After the death of Deva Raya II, the empire was ruled by a series of some weak rulers. Since the rule of primogeniture was not established, there was a series of civil wars among the princes.

Saluva dynasty

The founder of Saluva dynasty was SaluvaNarsimhan. He was a minister in the reign of Praudha Raya, the last ruler of Sangama dynasty. He crushed the rebellions of feaudatories and kept the kingdom intact. ImmadiNarsimha succeeded him. He was also known as DhammaTammaraya. He was a weak ruler and the control of state fell into the hands of NarsaNayaka. Vasco da Gama reached in Calicut during his time in 1498.Therulers of this dynasty were not able to establish law and order properly and that’s why the Suluvas ruled for a short period.

Tuluva dynasty

The third dynasty which ruled the Vijaynagarempire was Tuluva dynasty. The The dynasty was named “Tuluva” because they belonged  to the Tulu speaking region called “TULUNAD”. The greatest and successful king of Tuluvadynasy was Krishna Deva Raya who ruled from 1509 to 1539 AD. Some historians believed that he is the greatest ruler of the Vijaynagaraempire.

During the reign of Krishna Deva Raya, Vijayanagara emerged as the strongest military power in the south. He defeated the rebellious chiefs of Ummattur, the Gajapatis of Orissa and Sultan Adil Shah of Bijapur.

He suc­cessfully annexed Gulbarga and Bidar and reinstated the puppet Sultan Mahmud to the throne. To com­memorate this act of restoration he took the title of’ YavanarajyaSthapanacharya’ (The restorer of the Yavana kingdom). He invaded almost the whole of Telangana from the Gajapati king Pratapraudra and the Sultan of Golcunda.

Krishna Deva Raya helped the Portuguese to conquer Goa from the Bijapur rulers in 1510 and retained friendly relations with Albuquerque, the Portuguese governor whose ambassador Friar Luis resided at Vijayanagar. His relations with Portuguese were governed by two factors: first common enemity withBijapur and second, the supply of imported horses by the Portuguese to Vijayanagar. He was a contemporary of Babur.

He was a Vaishainaite but respected all the major religions. He was a devotee of Lord Venkateshwara of Tirupati. Vallabhacharya and ChaitanyaMahaprabhu, the celebrated saints of the bhakti movement visited his court. Madhwa saint Vyasathirtha was the Rajaguru of Krishnadevaraya. Krishna Deva Raya was known as Andhra Bhoja as he was also a great patron of art and literature. He wrote the Telugu work Amuktamalyada and one Sanskrit work JambavatiKalyanam. His court was embellished with the Ashtadiggajas (the eight well knownpoets), of whom, AllasaniPeddana was the greatest.His famous works include Manucharitam and HarikathaSaramsamu. Krishna Deva Raya also constructed the well known temples of Krishnaswamy, HazaraRamaswamy and Vitthalaswamy at his capital-city. Foreign travellers like Nuniz, Barbosa and Paeswrote about his systematic and effective administration and the prosperity of the empire during the reign of Krishna Deva Raya.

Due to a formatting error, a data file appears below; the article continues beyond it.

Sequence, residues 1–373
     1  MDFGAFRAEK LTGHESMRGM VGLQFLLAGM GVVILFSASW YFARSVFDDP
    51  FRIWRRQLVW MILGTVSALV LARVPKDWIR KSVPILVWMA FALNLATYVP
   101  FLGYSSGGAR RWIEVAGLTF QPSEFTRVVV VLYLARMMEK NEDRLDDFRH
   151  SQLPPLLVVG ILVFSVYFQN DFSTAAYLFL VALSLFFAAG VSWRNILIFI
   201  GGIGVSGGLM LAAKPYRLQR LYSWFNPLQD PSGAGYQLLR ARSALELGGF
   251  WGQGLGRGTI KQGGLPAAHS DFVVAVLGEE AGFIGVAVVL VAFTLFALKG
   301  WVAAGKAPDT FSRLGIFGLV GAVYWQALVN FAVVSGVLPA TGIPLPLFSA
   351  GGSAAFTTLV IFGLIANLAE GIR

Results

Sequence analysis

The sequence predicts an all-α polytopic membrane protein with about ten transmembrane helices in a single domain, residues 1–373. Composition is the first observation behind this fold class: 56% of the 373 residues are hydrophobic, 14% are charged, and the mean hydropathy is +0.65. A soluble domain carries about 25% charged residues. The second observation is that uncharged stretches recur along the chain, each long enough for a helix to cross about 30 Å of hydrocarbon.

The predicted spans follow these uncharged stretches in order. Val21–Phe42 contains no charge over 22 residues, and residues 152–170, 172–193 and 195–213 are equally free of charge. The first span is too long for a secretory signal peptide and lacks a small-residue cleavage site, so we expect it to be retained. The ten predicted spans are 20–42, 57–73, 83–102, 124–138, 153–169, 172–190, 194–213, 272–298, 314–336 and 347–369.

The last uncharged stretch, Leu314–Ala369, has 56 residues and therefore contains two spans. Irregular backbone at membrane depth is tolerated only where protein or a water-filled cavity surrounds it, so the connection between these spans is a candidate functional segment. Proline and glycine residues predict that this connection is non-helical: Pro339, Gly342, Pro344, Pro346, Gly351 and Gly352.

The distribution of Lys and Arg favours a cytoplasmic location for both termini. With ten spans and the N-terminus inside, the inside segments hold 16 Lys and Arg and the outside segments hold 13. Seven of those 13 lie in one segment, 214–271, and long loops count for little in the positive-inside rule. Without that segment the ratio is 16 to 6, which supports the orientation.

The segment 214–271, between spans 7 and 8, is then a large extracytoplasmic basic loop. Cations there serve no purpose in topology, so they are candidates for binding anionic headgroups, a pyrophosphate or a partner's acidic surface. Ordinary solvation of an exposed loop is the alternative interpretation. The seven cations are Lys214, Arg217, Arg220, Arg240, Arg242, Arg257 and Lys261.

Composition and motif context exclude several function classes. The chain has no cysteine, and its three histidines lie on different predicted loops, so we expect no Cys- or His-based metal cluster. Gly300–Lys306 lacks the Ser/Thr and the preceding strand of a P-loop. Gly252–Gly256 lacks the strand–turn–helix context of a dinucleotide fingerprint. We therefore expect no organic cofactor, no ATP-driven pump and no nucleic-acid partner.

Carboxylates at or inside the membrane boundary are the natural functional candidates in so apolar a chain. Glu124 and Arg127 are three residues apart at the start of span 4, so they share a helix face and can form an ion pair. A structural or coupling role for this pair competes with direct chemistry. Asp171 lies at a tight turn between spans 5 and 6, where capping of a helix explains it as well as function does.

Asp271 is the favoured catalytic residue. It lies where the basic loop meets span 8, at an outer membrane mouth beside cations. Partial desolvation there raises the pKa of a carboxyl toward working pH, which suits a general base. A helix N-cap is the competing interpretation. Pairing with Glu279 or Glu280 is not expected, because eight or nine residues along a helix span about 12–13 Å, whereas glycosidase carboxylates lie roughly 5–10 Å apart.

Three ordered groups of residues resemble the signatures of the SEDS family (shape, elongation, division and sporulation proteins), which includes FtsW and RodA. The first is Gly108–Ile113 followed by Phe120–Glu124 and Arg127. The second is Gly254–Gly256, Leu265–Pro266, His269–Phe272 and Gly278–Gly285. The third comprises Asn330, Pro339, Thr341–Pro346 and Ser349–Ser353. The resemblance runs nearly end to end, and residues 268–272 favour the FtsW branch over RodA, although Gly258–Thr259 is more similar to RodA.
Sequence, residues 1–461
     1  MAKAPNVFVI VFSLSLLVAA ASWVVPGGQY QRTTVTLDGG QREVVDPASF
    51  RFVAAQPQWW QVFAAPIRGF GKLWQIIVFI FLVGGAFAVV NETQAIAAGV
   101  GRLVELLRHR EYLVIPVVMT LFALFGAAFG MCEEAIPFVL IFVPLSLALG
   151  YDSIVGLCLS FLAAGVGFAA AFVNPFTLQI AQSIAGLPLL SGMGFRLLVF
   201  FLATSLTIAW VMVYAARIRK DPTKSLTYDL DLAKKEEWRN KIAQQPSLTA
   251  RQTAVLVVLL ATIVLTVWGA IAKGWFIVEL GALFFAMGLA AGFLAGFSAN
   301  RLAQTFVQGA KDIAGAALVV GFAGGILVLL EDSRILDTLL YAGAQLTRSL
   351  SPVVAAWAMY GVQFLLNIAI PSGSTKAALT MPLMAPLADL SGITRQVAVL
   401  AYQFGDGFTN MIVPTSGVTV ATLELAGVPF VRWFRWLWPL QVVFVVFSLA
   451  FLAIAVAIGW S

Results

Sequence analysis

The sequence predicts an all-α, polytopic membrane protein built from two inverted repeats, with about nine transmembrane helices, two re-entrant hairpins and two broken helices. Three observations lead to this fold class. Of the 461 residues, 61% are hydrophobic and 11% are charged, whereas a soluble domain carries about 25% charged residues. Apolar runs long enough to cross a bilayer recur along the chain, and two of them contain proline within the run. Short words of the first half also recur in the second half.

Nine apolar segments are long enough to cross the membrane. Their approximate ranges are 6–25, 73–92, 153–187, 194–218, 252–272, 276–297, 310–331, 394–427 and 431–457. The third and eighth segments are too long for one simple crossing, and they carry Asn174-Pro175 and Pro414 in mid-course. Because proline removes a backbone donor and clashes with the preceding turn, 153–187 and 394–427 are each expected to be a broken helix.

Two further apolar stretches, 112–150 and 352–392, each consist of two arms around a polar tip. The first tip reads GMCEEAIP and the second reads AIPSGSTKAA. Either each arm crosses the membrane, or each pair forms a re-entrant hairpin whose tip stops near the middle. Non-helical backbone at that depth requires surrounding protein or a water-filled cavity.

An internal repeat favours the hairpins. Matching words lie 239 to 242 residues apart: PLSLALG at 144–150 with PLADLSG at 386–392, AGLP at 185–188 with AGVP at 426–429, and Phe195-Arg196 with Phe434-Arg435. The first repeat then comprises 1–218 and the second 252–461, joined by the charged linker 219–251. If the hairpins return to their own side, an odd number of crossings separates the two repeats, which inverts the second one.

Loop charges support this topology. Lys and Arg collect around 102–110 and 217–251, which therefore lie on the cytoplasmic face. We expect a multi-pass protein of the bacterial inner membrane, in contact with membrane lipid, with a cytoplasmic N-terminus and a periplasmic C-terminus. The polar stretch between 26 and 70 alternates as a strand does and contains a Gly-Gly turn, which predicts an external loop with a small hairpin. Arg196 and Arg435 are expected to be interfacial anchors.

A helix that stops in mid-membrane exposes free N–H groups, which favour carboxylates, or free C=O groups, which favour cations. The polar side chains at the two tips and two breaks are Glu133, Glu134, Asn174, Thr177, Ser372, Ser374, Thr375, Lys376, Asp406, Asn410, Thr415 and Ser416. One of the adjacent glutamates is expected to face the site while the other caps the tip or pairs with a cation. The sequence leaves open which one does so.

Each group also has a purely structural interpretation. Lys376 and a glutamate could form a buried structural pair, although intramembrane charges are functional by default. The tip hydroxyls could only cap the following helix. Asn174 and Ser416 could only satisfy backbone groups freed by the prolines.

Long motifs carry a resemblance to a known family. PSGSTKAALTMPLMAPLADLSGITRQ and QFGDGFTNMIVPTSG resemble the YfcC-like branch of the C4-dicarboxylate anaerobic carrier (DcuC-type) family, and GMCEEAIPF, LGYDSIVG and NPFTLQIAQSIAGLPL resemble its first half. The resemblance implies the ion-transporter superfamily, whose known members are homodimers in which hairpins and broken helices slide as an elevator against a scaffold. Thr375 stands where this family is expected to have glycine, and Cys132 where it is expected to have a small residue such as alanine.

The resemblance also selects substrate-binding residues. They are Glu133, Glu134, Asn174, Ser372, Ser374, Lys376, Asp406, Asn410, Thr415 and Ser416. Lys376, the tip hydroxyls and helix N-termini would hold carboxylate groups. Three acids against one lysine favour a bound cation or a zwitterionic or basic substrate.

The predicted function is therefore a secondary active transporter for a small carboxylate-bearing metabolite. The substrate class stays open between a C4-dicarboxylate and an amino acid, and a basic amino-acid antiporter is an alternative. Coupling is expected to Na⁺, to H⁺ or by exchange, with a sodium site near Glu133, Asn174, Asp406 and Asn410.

After the fall of Krishna Deva Raya, the internal struggle for succession followed among his successors. After the weak reigns of Achyuta Raya and Venkata, Sadasiva Raya succeded the throne in 1543, but the real power of administration was in the hands of Rama Raja popularly known as “Aliya” Rama Raya, was the progenitor of the “Aravidu” dynasty of Vijayanagar Empire. This dynasty, the fourth and last to hold  over the Vijayanagara Empire, is often not considered as a ruling dynasty of the empire. He took active part in Muslim politics and played off various muslim powers against each other. He successively defeated the Bijapur ruler and inflicted humiliating defeats on Golconda and Ahmadnagar.It seems that Rama Raya had no longer purpose than to maintain a balance of power favourable to vijayanagar between these three powers. But they soon understood his trick and joined hands with each other. Then the confederacy of the four states of Bijapur, Ahmednagar, Golkunda and Bidarjontly fought against the ruler of Vijayanagara in 1565 at Bannihathi near Talikota also known as the Battle of Rakshi-Tangadi. In the battle, Vijayanagar was defeated and Ram Rai was captured and murdered. The Muslim army entered the capital and looted and destroyed everything there and ruined the famous and beautiful city Vijaynagar.

The battle of Talikota is one of the most momentous and decisive battles in the history of India. It sounded the death knell of the great Hindu empire in the south India. With the fall of the Vijaynagaraempire and internal rivalry between the Muslim Kingdoms with one another after their victory, they fell singly and severally before the Mughal invaders from the north.

Later Tirumala, the brother of Rama Raya, dethroned Sadasiva Raya and captured the power and founded the last dynasty, Aravidu dynasty. During his reign the Southern Nayakas of Madurai and Gingee declared partial independence, while some others rebelled over Tirumala Deva Raya’s authority.